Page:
I used to have sideburns, which I’m proud of, which mysteriously went away in my teen years, to my and my dad’s dismay.
I used to have fairly thick eyebrows, that in a moment of misjudged trust, I had allowed a former colleague to pluck it, making it look, as my mom said, “like a rat’s tail”.
My eyebrows never recovered.
But my ex-boyfriend pointing out my moustache made me realise its existence and, over time, helped neutralise my feelings towards it.
Apparently my body is a landscape or a territory littered with land mines.
As I grew to become indifferent towards my moustache, I chose to not do anything about it. It’s still there, through thick and thin, depending on who you ask.
Yet, during the years after that, I paid closer attention to my face.
My former boyfriend was right about its existence, but I found other things that he didn’t mention, such as the skin discolouration around the chin which, I later found out, was a common thing for people with my skin tone.
I came to realise the existence of pores, and I’ve become obsessed in making it void of blackheads.
Ever since I hit puberty, I realised that the promise of beauty products to lighten your skin was basically a lie, but that didn’t stop me in believing everything else they promised me.
I would read countless beauty blogs and reviews in trying to search for products that would enable me to pull out the gunk lodged in my pores, smooth out the surface of my skin, lighten my dark spots, even out my skin tone, and keep my acne at bay.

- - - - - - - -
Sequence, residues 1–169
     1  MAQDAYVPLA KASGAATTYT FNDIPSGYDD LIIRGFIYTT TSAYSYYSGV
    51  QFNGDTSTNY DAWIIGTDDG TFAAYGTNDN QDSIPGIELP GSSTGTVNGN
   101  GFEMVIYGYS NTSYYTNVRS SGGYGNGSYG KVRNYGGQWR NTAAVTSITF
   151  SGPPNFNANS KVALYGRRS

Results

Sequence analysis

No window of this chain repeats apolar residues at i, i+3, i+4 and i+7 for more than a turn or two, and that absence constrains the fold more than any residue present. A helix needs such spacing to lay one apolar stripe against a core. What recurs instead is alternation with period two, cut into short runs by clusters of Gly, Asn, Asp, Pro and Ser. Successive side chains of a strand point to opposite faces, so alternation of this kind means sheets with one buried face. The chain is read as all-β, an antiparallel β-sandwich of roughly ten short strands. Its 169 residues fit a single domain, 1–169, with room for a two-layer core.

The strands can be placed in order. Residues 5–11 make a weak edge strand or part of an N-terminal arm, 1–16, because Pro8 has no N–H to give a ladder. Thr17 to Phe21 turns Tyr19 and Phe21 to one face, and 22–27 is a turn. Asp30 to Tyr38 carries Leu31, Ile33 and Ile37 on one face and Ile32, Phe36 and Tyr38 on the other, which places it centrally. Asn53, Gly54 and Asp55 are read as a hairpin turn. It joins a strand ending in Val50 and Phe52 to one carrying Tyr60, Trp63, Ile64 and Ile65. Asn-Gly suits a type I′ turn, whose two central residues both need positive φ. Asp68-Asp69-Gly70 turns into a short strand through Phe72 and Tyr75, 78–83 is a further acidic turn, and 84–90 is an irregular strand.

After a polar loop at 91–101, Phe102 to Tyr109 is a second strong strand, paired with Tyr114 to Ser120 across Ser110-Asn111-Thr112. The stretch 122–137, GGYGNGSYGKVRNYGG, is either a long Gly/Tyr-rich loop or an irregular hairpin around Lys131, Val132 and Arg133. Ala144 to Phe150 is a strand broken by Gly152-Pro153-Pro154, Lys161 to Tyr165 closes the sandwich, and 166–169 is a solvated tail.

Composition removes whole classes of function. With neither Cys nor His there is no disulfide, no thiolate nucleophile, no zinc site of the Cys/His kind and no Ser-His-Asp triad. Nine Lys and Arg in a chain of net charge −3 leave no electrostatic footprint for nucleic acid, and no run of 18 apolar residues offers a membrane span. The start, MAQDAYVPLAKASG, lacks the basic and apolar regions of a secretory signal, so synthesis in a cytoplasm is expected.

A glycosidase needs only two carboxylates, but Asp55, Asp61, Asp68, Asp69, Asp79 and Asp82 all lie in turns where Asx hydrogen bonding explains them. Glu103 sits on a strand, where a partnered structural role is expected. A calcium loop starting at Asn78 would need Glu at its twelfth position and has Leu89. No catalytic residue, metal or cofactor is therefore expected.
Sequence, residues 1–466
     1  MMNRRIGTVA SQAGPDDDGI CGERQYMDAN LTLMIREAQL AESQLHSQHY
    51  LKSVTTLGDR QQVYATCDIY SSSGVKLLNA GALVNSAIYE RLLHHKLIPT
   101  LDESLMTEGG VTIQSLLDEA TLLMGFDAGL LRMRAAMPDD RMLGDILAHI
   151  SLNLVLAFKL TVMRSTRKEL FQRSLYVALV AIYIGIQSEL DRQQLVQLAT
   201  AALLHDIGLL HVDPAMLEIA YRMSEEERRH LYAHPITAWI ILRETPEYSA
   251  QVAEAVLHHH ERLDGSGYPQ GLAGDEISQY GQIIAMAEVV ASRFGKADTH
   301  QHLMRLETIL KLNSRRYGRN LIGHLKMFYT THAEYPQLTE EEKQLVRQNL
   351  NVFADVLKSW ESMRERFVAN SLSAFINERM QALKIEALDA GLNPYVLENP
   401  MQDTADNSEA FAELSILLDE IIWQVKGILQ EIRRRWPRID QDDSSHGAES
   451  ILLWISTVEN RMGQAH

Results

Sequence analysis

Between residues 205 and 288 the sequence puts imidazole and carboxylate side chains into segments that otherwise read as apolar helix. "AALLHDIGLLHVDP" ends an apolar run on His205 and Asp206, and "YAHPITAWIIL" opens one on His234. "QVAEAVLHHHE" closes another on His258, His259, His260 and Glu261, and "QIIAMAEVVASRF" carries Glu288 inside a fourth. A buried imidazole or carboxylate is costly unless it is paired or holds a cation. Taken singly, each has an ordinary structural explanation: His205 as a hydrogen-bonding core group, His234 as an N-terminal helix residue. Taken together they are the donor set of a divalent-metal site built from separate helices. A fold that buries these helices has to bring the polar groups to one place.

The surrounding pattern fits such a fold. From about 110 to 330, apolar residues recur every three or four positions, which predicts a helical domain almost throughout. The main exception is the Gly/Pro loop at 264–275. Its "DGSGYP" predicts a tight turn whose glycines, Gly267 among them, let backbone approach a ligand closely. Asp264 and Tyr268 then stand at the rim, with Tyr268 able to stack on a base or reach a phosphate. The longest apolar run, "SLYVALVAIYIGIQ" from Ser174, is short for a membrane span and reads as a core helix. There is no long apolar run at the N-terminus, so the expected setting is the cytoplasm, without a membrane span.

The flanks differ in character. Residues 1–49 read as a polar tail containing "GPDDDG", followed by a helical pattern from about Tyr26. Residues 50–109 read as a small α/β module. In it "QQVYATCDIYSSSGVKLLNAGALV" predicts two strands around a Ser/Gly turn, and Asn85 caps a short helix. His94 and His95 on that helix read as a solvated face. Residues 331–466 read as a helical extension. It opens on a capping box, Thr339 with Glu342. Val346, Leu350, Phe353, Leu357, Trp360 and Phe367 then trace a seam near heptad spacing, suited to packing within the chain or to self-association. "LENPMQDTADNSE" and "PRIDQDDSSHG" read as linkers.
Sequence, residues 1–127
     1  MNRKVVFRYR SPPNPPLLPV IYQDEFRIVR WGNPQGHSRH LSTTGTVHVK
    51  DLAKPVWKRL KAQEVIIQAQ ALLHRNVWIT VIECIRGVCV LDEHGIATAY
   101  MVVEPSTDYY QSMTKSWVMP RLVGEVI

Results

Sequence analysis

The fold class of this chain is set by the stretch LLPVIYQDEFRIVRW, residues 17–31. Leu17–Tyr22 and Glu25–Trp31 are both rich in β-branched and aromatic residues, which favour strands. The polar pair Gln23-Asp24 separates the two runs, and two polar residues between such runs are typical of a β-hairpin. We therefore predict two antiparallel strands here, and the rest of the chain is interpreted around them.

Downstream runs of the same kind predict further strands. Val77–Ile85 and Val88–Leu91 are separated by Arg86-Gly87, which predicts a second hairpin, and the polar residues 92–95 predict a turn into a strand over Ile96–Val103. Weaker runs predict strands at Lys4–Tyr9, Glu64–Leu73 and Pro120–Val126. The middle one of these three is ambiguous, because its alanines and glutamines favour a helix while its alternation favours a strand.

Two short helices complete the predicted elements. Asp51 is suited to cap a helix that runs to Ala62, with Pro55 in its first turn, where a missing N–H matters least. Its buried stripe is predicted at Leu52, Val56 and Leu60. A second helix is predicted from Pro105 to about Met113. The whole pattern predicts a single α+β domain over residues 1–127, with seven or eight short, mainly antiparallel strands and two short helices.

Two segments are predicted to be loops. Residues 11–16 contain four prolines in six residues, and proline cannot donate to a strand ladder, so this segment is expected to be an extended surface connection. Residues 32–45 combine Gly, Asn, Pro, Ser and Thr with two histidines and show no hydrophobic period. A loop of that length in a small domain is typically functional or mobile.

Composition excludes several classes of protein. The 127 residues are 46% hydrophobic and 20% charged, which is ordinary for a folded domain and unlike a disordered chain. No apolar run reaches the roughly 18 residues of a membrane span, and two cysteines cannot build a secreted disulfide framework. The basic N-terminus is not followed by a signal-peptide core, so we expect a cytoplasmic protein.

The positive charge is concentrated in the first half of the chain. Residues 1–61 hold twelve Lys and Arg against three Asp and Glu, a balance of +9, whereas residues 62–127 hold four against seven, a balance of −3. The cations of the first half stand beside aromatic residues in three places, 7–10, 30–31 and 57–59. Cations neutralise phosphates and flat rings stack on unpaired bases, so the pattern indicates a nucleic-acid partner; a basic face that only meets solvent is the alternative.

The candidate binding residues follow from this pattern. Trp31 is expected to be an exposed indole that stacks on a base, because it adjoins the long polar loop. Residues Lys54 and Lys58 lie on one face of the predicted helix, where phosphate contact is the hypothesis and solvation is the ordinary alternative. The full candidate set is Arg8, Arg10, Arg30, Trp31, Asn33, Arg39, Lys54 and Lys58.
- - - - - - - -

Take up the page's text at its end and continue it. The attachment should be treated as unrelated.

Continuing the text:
From regular scrub beads, to grains of baking soda, to coconut oil and jojoba oil and rosehip and tamanu oil and tea tree essence, to clay masks; whenever I read a review of every product promising to take out dirt stuck in my pores, my heart would beat a little faster as I knew I must try it but also knew it would cost me money.
Money that I didn’t mind parting from nor count its loss.
In the midst of this mania, and from having all the time to myself, I was able to develop an elaborate five to seven steps face cleansing routine.
First goes the lip and eye makeup, and then the double cleansing, the toner comes after, and moisturiser followed by facial oils as your dessert.
The odd places in which I find satisfaction from solitude surprise me. And I didn’t realise this regimen as a complete satisfaction of its own until someone questioned it.
It was another guy who stayed over, who saw me cleansing my face.
Out of self-consciousness, from my elaborate five steps, I’ve simplified it to three basic steps of cleansing and moisturising.
Even then he said, “Your routine is kind of too much, don’t you think?”
This was after I shared some of my pasta and my bed space with him.